OAKLAND, Calif. — They are all memories now, some for years, some for decades. Municipal Stadium in Kansas City was the first to go, in 1971, followed by Buffalo’s War Memorial Stadium the next year. A grotesque baseball stadium sits where Miami’s Orange Bowl once did. The Astrodome still stands, dwarfed by Houston’s newer, gigantic football palace.
The building formerly known as Jack Murphy Stadium still is in place but its longtime tenants, the San Diego Chargers, have fled to Los Angeles. Sullivan Stadium has been replaced by Robert Kraft’s football mall in Foxborough. Shea Stadium? Gone almost a decade now. Little by little, the places where the old American Football League anchored itself in the American imagination are vanishing.
Only the Coliseum remains. That is where the final breaths take place now, before the final death rattle. A few years ago, before a Jets-Raiders playoff game, Joe Namath stood on its turf and had a good, long look around. His smile was wide, and then it wasn’t.
“Lots of memories here,” Namath said. “Not all of them so good.”
At its birth it was known as the Oakland-Alameda County Coliseum. At various points across the past couple decades it has been named for Network Associates, for Overstock.com, for O.co. Now, all these years later, all the corporate pirates have been laid away, and the original name has been reinstated.
The past saying hello, just as the Raiders say goodbye.
By 2019, 2020 the latest, they will be in Las Vegas. There is a small chance the Jets could be sent here before now and then, though they reside in different stratospheres within the league now, so it isn’t likely that match will happen thanks to conference parity games.
Sunday could well be the last time the Jets ever play on these grounds, which used to have a sublime view of the Oakland Hills before they were replaced by a charmless swath of grandstand — “Mount Davis” — used to lure the Raiders back here from Los Angeles. The crazed and ever-loyal Raiders fans will be there, led by Toozak and Violator and the others clad in black costumes.
“It’s a challenging place to play,” Jets head coach Todd Bowles said earlier this week, and that really only scratches the surface. The Jets are 3-11-1 at the Coliseum since Dec. 6, 1966, when Emerson Boozer took a handoff with exactly 1 minute left in the fourth quarter and scrambled 47 yards for a touchdown. When Namath found George Sauer for a two-point conversion, the Jets had salvaged a 28-28 tie in their first trek to the sparkling new coliseum.
It was their next two visits, though, that would land permanent places in the teams’ — and the AFL’s — lasting legacies.
The Jets had handed the Raiders their only AFL loss en route to the Super Bowl in October 1967, a convincing 27-13 thrashing. Two months and 10 days later, the Raiders exacted their revenge on the scoreboard and also on Namath’s face.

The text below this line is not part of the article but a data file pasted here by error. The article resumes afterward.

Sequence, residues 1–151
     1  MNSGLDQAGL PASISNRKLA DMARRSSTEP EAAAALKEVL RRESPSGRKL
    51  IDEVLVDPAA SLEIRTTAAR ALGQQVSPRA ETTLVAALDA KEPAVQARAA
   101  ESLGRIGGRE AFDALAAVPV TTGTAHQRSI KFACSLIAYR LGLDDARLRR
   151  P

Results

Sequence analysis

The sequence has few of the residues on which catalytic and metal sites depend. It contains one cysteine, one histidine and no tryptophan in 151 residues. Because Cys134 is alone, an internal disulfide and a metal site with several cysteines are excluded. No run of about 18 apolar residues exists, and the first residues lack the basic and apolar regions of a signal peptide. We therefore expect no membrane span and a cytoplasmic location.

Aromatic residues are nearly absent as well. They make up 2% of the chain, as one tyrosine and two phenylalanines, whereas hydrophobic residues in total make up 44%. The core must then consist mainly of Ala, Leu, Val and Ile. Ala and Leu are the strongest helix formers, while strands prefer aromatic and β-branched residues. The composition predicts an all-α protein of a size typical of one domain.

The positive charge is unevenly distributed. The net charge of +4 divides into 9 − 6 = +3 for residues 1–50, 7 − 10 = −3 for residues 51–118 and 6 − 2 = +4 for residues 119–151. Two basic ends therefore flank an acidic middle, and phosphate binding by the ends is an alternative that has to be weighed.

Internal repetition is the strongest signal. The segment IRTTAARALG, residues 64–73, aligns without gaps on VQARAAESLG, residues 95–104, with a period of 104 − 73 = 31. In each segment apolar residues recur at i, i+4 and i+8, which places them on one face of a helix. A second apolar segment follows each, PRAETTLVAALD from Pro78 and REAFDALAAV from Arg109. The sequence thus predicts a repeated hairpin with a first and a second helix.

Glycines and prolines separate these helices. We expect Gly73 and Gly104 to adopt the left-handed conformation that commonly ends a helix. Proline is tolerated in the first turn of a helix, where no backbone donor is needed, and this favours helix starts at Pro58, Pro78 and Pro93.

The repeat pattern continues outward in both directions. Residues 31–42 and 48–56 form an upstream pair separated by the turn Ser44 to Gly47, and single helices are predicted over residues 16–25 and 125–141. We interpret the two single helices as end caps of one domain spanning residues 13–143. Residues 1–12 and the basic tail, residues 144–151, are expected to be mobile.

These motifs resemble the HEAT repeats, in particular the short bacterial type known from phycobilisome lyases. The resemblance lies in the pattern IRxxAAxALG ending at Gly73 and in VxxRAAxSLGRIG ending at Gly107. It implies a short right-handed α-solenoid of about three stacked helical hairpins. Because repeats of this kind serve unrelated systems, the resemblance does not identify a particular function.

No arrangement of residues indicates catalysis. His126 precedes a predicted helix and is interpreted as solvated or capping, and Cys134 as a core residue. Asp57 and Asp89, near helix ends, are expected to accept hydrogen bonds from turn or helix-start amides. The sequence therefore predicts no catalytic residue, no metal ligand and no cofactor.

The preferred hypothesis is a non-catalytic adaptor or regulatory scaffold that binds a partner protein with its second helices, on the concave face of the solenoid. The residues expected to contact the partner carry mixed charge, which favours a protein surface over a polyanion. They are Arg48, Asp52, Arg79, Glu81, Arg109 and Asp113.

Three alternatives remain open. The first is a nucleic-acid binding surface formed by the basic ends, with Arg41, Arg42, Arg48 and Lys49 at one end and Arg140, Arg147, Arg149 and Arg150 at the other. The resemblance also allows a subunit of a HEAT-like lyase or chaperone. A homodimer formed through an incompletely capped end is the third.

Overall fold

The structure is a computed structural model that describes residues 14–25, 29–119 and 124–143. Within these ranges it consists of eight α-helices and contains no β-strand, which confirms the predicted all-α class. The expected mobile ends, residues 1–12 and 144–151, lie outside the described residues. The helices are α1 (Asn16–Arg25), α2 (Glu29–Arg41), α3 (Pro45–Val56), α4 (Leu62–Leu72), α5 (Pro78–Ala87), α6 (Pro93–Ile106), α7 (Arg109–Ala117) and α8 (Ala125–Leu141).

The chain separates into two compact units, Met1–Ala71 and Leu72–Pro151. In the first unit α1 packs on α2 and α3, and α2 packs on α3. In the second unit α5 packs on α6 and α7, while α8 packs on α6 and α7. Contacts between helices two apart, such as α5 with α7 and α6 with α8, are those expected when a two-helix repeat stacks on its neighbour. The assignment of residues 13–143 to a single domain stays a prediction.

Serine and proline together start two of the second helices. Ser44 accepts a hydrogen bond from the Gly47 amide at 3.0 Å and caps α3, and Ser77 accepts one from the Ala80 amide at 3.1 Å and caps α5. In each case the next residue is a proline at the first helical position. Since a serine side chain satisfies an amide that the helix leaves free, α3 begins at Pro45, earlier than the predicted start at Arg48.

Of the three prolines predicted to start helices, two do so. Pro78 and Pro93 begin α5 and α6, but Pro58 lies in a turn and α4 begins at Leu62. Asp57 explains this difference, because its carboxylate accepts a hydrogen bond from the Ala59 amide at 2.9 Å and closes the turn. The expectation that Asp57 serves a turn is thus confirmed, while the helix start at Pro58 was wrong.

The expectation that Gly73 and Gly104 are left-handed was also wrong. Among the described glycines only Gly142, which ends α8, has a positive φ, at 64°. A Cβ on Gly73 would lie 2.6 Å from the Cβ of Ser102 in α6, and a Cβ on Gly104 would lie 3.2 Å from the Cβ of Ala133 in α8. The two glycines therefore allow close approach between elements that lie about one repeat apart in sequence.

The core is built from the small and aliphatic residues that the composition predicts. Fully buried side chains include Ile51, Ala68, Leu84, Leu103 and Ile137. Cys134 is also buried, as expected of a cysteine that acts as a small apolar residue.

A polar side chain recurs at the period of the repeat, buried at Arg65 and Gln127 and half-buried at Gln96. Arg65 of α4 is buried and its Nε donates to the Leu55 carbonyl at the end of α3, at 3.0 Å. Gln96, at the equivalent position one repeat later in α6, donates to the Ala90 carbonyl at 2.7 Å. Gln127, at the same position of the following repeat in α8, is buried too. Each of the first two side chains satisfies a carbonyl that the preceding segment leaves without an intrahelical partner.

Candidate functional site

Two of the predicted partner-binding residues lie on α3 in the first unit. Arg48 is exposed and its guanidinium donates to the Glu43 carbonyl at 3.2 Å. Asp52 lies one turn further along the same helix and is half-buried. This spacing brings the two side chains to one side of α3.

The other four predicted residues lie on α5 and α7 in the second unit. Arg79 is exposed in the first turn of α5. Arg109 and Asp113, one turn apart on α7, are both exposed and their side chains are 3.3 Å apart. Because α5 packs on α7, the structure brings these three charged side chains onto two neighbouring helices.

It was Ike Lassiter who connected with Namath, breaking his cheekbone, though that forever would be credited to Ben Davidson, a perennial Namath nemesis who did land a brutal hit on him later in the game — a game, it should be noted, Namath refused to leave. Asked about his rearranged face later on, Namath refused to give credit to his assaulters: “I had a tough steak in the pregame meal.”
For years after, Raiders boss Al Davis had an enlarged photo of the Davidson hit — which separated Namath from his helmet — mounted on the wall of the stairwell leading up to his office at the Raiders’ headquarters, not unlike a big-game hunter who displays the head of his vanquished rhinoceros on his wall.
“Just a reminder,” Davis told a visitor years later, smiling. “Of some good teams and some really good AFL football.”
Part of Namath’s legacy grew from that moment, too, as he was spotted postgame at the Jets’ hotel, the Edgewater Inn, wearing a white turtleneck shirt, French cuffs, a green blazer and gray slacks, which complemented his deep-purple jaw. Asked about his destination that night he said: “Vegas. We’re off till Tuesday.”
A year later, of course, the Jets and the Raiders would play the single-most-famous game in AFL history. The Jets took notice of the freshly-hung picture of Davidson mugging Namath and coach Weeb Ewbank went ballistic when hovering helicopters periodically interrupted a late-week practice — he was convinced the pilots were Davis spies. And Davis never denied that they were.
Jim Turner’s field goal with little over a minute gave the Jets a 32-29 lead and a few seconds later, at 7 o’clock, NBC switched from the game to its movie of the week, “Heidi.” The Raiders scored on a bomb and a kickoff fumble and won a game, 43-32, that nobody in New York saw the ending to.
Those were the high parts. That was the AFL. This is the lasting link to those days, to that league. When the Raiders leave, one more chapter of the AFL dies forever. Sunday’s game may not add another chapter to this lore but it doesn’t need to. It’s already full.
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